Legendre functions are solutions to Legendre's differential equation:
They are named after AdrienMarie Legendre. This ordinary differential equation is frequently encountered in physics and other technical fields. In particular, it occurs when solving Laplace's equation (and related partial differential equations) in spherical coordinates.
The Legendre differential equation may be solved using the standard power series method. The solution is finite (i.e. the series converges) provided x < 1. Furthermore, it is finite at x = ± 1 provided n is a nonnegative integer, i.e. n = 0, 1, 2,... . In this case, the solutions form a polynomial sequence called the Legendre polynomials.
Each Legendre polynomial P_{n}(x) is an nthdegree polynomial. It may be expressed using Rodrigues' Formula:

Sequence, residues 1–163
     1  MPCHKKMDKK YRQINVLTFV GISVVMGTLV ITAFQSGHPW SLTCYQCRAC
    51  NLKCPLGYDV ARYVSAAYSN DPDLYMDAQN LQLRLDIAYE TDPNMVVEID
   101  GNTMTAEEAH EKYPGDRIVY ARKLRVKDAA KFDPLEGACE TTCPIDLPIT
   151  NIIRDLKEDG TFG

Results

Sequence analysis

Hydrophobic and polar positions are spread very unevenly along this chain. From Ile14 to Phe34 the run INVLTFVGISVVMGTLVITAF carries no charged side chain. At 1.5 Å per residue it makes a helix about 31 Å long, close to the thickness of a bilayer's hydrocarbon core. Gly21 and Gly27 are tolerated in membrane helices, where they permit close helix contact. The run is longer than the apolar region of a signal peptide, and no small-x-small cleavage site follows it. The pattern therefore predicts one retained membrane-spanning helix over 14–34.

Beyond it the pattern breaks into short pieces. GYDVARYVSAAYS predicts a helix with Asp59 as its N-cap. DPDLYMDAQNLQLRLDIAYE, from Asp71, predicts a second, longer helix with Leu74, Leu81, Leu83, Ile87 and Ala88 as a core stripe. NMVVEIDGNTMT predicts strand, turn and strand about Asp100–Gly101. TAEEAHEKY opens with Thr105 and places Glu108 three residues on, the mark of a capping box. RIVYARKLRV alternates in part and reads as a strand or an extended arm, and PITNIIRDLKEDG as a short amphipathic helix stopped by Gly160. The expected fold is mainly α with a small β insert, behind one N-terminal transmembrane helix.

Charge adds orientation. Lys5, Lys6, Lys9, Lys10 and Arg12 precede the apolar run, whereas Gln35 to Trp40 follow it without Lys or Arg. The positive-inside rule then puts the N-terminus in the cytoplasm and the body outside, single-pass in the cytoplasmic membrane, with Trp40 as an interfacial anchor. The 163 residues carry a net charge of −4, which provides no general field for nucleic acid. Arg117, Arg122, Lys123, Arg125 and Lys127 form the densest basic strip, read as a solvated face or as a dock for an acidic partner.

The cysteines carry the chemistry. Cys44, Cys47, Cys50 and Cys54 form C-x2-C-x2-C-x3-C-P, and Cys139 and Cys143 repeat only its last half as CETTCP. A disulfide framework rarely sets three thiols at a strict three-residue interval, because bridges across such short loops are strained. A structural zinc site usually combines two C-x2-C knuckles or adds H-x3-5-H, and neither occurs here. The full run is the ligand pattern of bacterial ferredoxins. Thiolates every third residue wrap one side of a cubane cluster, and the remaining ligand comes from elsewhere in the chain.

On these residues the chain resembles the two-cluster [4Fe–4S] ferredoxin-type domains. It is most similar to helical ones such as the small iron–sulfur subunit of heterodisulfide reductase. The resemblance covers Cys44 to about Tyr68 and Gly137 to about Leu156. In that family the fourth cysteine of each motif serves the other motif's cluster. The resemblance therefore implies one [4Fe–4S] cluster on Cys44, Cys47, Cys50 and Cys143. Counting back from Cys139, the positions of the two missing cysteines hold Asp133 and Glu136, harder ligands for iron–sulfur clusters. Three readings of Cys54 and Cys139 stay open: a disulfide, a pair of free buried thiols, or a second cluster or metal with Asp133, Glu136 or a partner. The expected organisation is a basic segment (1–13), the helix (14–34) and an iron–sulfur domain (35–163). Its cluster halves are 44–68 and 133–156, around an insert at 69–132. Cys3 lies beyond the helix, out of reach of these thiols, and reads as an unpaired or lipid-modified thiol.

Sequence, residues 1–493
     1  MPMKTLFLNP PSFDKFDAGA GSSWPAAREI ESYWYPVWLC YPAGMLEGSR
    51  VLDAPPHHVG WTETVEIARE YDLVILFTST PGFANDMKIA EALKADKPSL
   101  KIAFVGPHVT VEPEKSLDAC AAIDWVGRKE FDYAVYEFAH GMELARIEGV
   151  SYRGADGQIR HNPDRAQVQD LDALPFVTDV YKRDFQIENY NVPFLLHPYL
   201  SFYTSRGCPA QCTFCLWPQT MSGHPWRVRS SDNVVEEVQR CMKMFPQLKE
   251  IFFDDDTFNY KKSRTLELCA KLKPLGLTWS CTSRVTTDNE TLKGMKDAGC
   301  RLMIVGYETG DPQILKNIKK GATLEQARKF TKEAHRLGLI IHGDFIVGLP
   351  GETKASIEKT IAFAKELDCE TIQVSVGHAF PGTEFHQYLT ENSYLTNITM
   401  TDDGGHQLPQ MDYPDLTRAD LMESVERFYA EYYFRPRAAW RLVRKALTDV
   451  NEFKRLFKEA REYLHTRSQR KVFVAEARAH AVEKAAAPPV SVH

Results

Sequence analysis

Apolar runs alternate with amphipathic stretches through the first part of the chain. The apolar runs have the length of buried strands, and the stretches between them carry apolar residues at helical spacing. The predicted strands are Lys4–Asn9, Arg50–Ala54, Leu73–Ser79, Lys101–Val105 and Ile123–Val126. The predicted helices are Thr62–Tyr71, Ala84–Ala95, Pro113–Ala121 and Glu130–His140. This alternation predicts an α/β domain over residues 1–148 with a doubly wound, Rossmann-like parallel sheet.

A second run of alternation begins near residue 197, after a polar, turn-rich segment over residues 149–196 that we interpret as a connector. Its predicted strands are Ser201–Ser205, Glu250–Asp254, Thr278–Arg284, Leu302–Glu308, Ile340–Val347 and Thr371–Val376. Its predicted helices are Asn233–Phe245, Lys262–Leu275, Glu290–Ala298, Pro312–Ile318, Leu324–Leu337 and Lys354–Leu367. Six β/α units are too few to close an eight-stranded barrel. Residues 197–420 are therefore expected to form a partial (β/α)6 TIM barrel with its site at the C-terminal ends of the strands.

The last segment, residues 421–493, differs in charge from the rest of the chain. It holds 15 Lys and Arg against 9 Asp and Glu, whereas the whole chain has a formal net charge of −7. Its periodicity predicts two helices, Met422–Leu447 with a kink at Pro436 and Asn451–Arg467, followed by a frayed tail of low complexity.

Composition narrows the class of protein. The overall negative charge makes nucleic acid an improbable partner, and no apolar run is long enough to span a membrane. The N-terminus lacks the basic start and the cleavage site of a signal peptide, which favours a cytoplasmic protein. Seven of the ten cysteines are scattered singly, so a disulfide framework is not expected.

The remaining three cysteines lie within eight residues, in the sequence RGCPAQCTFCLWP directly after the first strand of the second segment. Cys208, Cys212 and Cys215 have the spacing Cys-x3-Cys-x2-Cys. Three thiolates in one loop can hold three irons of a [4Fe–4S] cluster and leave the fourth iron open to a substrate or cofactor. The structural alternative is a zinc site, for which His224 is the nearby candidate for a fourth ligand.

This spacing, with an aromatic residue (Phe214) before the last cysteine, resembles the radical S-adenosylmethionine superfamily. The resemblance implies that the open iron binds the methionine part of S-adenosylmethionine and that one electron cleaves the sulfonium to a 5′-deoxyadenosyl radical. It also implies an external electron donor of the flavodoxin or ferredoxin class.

An important property of the Legendre polynomials is that they are orthogonal with respect to the L^{2} inner product on the interval 1 ≤ x ≤ 1:
(where δ_{mn} denotes the Kronecker delta, equal to 1 if m = n and to 0 otherwise).
An alternative derivation of the Legendre polynomials is by carrying out the GramSchmidt process on the polynomials {1, x, x^{2}, ...}.
These are the first few Legendre polynomials:
n  <math>P_n(x)</math> 
0  1 
<math>1</math>  <math>x</math> 
2  <math>(1/2)(3x^21)</math> 
3  <math>(1/2)(5x^33x)</math> 
4  <math>(1/8)(35x^430x^2+3)</math> 
5  <math>(1/8)(63x^570x^3+15x)</math> 
The graphs of these polynomials are shown below:
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